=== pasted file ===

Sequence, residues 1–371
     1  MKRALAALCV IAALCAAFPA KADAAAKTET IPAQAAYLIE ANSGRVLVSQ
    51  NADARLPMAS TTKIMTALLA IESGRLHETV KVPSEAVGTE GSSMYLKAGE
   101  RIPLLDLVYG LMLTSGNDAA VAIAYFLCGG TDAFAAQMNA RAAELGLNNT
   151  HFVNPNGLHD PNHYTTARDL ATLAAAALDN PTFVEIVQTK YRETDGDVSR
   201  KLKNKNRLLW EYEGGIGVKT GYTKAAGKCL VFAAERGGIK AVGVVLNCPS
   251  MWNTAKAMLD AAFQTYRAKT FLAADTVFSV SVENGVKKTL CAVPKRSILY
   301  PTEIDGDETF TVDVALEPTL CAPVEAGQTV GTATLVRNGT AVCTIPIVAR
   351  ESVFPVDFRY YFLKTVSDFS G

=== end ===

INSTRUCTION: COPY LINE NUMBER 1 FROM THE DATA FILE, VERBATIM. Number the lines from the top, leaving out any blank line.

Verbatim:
Sequence, residues 1–371